Unlike Rousseau, Burke did not care as much about a person’s intentions, caring infinitely more about results: “They who truly mean well must be fearful of acting ill.” Results are all that count, no matter how good the intentions. Burke believed that judging a person on intentions instead of results was simply “a preposterous mode of judging.”
Burke believed strongly that man should look outward to his ancestors as the source of conduct and wisdom: “We are afraid to put men to live and trade each on his own private stock of reason, because we suspect that the stock in each man is small, and that the individuals would do better to avail themselves of the general bank and capital of nations and of ages.”
Burke understood that the individual’s own natural reasoning would never be as deep or profound as the wisdom of his ancestors, bequeathed to him through tradition and custom. He believed that looking inwards, as Rousseau advocated, would precipitate our demise. Burke understood that custom, tradition, and law were “a deliberate election of ages and of generations; it is a constitution made by what is ten thousand times better than choice; it is made by the peculiar circumstances, occasions, tempers, dispositions, and moral civil and social habitudes of the people, which disclose themselves only over a long space of time.”
Burke believed that a society’s mores and norms to be the accumulation of many generations, and therefore they contain the wisdom of the human condition. “The individual is foolish,” Burke posited, “but the species is wise.” No individual can possess a sufficient amount of wisdom to supplant custom, prescription, and tradition.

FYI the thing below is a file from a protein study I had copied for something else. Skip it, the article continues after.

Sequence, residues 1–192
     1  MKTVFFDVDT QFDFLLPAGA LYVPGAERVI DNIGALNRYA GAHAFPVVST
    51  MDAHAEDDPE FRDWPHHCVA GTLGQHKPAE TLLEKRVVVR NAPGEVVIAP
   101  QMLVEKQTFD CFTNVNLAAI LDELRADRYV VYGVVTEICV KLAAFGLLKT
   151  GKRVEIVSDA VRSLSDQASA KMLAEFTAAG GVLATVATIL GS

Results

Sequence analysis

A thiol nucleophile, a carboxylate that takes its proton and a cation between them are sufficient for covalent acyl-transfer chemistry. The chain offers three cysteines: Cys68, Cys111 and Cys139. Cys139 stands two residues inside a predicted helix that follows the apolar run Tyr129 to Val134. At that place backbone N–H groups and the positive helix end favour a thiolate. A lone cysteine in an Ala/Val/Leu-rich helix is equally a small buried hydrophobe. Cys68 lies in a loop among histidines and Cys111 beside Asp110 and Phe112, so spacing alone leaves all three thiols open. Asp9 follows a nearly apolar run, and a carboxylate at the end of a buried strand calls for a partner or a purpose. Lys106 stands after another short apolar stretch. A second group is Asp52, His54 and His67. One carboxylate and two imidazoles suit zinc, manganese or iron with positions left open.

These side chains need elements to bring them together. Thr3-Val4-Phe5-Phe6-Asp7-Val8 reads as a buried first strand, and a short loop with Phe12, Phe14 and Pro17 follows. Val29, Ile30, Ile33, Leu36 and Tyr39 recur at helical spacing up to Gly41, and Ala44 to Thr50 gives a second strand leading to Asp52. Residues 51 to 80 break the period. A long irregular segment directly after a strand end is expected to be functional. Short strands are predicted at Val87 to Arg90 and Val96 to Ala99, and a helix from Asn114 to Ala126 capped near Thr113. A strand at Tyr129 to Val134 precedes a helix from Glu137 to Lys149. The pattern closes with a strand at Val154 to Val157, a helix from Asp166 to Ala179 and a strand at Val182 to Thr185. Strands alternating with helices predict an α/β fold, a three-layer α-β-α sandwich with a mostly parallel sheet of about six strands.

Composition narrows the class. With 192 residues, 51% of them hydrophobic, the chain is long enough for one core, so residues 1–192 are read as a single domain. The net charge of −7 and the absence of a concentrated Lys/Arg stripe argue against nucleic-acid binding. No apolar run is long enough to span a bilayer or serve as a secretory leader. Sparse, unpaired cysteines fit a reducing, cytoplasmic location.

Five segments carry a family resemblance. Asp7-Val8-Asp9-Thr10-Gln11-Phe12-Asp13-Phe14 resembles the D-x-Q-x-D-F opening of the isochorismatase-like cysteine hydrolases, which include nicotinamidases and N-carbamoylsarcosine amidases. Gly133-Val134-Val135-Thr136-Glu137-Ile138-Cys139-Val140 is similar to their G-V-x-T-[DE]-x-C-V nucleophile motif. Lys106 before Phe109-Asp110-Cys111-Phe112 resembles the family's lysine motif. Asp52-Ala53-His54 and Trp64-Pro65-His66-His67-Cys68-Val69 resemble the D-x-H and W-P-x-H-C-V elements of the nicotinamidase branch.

Jean-Jacques Rousseau’s notions are the source of how feelings became the basis of facts for contemporary liberals. Edmund Burke, the founder of modern conservative thought, countered that man’s feelings more often than not lead him astray, that his “passions forge their fetters.” Burke’s more realistic view of the two sides of human nature continue to guide conservative thought today. As long as liberals and conservatives hold differing views on the nature of the human condition, they will continue to argue over these ideas of these men.
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 Rousseau and the Republic of Virtue: The Language of Politics in the French Revolution by Carol Blum, Cornel University (1986), Rousseau, as quoted by Blum, p. 103.
 The Natural Goodness of Man: On the System of Rousseau’s Thought by Arthur M. Melzer, University of Chicago (1990), Rousseau, as quoted by Melzer, p. 11.
 The Question of Jean-Jacques Rousseau by Ernst Cassirer, Yale University (1963), p. 88.
 Ibid.; Edmund Burke: Enlightenment and Revolution by Peter Stanlis, Transaction (1991).
 Cassirer, 1963, p. 112.
 Democracy and the Ethical Life by Claes G. Ryn Louisiana State University (1978), p. 14.
 Ibid., p. 13.
 Ibid., p. 145.
 Rousseau, as quoted by Cassirer, 1963, p. 51.
 Rousseau, as quoted by Ryn, 1978.
 Rousseau, as quoted by Blum, 1986, p. 81.
 Rousseau, as quoted by Blum, 1986, p. 82.
 Rousseau, as quoted by Ryn, 1978, p. 147.
 Ibid., p. 79.
 Blum, 1986, p 79.
 Roussesau, as quoted by Cassirer, 1963, p. 112.
 Stanlis, 1991, p. 187.
 Edmund Burke and the Natural Law by Peter Stanlis, Huntington House (1986), Burke, as quoted by Stanlis, pp. 185-186.
 Edmund Burke (1791). Letter to a member of the national assembly, para. 8.
 The Conservative Constitution by Russell Kirk, Regnery Gateway Publishing (1991), Burke, as quoted by Kirk, p. 96.
 Burke, as quoted by Stanlis, 1986, p. 179.
 The Great Debate: Edmund Burke, Thomas Paine, and Birth of the Right and Left by Yuval Levin, Basic Books (2014), Burke, as quoted by Levin, p. 135.
 Burke, as quoted by Stanlis, 1986, p. 167.
 Burke, 1791, para. 52.